Distinguished Improvement Award

Distinguished Improvement Award!
Posted on 01/11/2019
Highland Elementary Principal Rich Hills assists with a fifth-grade math problem this week.

Highland students and staff earned the distinction of becoming one of 105 Governor’s Distinguished Improvement Award winners across the state last year.


The Governor’s Distinguished Improvement Awards are given by the Colorado Department of Education to schools that demonstrate exceptional student growth. These schools “exceed” expectations on the indicator related to longitudinal academic growth and “meet or exceed” expectations on the indicator related to academic growth gaps on the school performance framework that is used by the state to evaluate schools.


The state average for student growth is 50 percent, and Highland Elementary students showed a 70.5 percent median growth percentile rate in English Language Arts and a 79 percent median growth percentile rate in math. Highland Elementary Assistant Principal Lancie Elder said the great growth gains of Highland Elementary students come down to focused educators and great systems.


“This is a journey that has been happening for many years,” said Elder who began at Highland Elementary as a teacher, became the academic coach, and is now the assistant principal. “This is not an overnight success story. We have a special group of teachers and support staff that truly believe in each and every one of our students. We have been very focused on interventions and filling the specific gaps our students have in order to be on grade level.” Elder added that the overall student growth is great, but the best part is that every measurable sub-group, English language learners, low-income students, and minority students, all grew at the same rate.


“To have every sub-group have amazing growth — that speaks to our strategic systems. We are striving to sustain good growth year after year and we know that comes from having good systems in place,” she added.


Principal Rich Hills, now in his sixth year at the helm of Highland Elementary, added that the truly special part of the announcement came from former HES Principal Alan Dillon. Now the associate commissioner of School Quality and Support with the Colorado Department of Education, Dillon delivered the news via telephone to the Highland leadership team.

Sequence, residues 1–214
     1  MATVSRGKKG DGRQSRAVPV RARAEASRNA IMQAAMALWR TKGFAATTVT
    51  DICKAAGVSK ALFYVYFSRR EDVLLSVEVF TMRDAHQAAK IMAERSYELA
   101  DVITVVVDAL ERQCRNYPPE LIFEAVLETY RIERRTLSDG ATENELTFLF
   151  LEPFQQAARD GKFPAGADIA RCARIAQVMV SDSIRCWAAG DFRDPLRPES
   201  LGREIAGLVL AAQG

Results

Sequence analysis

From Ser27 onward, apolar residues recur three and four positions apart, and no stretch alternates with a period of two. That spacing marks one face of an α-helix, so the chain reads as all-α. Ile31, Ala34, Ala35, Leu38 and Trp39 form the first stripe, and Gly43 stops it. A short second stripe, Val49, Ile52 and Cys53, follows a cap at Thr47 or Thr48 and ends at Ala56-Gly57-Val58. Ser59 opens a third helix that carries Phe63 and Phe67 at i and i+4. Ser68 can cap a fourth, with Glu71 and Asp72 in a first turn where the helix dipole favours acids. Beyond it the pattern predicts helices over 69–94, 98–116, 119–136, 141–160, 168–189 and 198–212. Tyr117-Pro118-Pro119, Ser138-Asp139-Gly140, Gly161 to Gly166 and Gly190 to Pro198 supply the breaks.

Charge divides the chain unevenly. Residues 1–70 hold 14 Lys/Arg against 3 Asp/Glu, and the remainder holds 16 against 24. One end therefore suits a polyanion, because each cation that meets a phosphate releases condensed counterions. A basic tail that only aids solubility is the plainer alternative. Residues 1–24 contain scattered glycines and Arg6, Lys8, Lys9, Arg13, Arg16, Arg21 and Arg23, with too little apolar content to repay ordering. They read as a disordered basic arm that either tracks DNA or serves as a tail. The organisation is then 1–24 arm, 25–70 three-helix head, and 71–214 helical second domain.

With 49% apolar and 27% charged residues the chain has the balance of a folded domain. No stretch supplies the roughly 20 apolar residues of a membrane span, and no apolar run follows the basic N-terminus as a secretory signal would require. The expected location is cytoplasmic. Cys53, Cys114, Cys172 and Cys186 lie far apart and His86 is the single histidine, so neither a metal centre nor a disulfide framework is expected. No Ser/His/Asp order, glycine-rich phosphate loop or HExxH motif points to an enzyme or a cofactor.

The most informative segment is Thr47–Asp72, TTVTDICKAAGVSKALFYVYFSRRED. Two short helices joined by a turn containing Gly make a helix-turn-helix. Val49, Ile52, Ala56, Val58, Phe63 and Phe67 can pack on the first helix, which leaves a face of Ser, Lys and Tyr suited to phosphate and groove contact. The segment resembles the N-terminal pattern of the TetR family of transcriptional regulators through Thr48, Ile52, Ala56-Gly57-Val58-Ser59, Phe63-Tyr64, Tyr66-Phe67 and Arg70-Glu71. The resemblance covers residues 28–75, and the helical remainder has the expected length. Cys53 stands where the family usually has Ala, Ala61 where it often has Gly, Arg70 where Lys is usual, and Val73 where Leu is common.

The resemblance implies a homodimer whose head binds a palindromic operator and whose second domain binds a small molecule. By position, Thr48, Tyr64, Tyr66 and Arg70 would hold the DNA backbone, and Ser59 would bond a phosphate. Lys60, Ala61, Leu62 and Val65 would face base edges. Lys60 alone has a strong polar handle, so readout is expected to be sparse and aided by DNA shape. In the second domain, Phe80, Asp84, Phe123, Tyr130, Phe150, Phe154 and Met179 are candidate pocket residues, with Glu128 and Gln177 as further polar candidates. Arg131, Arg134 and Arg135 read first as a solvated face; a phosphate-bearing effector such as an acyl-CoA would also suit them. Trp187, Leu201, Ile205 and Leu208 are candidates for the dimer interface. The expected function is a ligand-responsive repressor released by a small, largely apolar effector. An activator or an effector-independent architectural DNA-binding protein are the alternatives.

“All of this started, in my mind, when Alan arrived at Highland,” Hills added. “It made it even more special to have him deliver the news. I am really happy for our staff and our future leaders that have been working so hard. It’s nice to see that reflected in this recognition. We know that there has always been quality work going on here at Highland. We just keep refining and improving the systems.”


Hills and Elder have helped build a culture of strong belief that every student is a leader and can achieve great things; that every classroom teacher is a reading teacher and a leader of leaders, and that a deep dive into student data supports teachers and students alike. Interventions are daily, targeted, and progress monitored. Student data is a part of daily conversation with coaches, as teams, and as a school.


With the addition of fifth grade, Highland Elementary will have two years of growth data as part of their school performance framework next year. Hills is convinced that the systems in place will support Mustang educators and future leaders for years to come.


“We are teaching the whole child at Highland Elementary School — social, emotional and academic needs,” said Hills. “It doesn’t matter if you are at recess playing a game, music working on a performance, or in the classroom solving math problems — we support our future leaders so they can stay positive and give their best effort in everything they do.”

Theresa Hamilton is director of communictionsforthe Garfield Re-2 School District, serving the communities of Rifle, Silt and New Castle.